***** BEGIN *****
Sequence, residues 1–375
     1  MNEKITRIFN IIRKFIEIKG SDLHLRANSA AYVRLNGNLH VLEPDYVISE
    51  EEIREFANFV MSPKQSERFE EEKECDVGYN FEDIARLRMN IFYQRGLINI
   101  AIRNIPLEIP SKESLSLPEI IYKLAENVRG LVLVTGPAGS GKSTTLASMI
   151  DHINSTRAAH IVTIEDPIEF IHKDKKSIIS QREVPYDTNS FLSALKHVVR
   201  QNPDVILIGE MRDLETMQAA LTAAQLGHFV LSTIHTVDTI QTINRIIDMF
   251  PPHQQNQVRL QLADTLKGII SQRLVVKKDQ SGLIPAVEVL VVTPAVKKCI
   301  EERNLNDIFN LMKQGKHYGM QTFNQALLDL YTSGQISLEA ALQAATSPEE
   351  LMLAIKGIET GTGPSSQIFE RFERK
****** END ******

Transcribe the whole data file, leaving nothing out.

Sequence, residues 1–375
     1  MNEKITRIFN IIRKFIEIKG SDLHLRANSA AYVRLNGNLH VLEPDYVISE
    51  EEIREFANFV MSPKQSERFE EEKECDVGYN FEDIARLRMN IFYQRGLINI
   101  AIRNIPLEIP SKESLSLPEI IYKLAENVRG LVLVTGPAGS GKSTTLASMI
   151  DHINSTRAAH IVTIEDPIEF IHKDKKSIIS QREVPYDTNS FLSALKHVVR
   201  QNPDVILIGE MRDLETMQAA LTAAQLGHFV LSTIHTVDTI QTINRIIDMF
   251  PPHQQNQVRL QLADTLKGII SQRLVVKKDQ SGLIPAVEVL VVTPAVKKCI
   301  EERNLNDIFN LMKQGKHYGM QTFNQALLDL YTSGQISLEA ALQAATSPEE
   351  LMLAIKGIET GTGPSSQIFE RFERK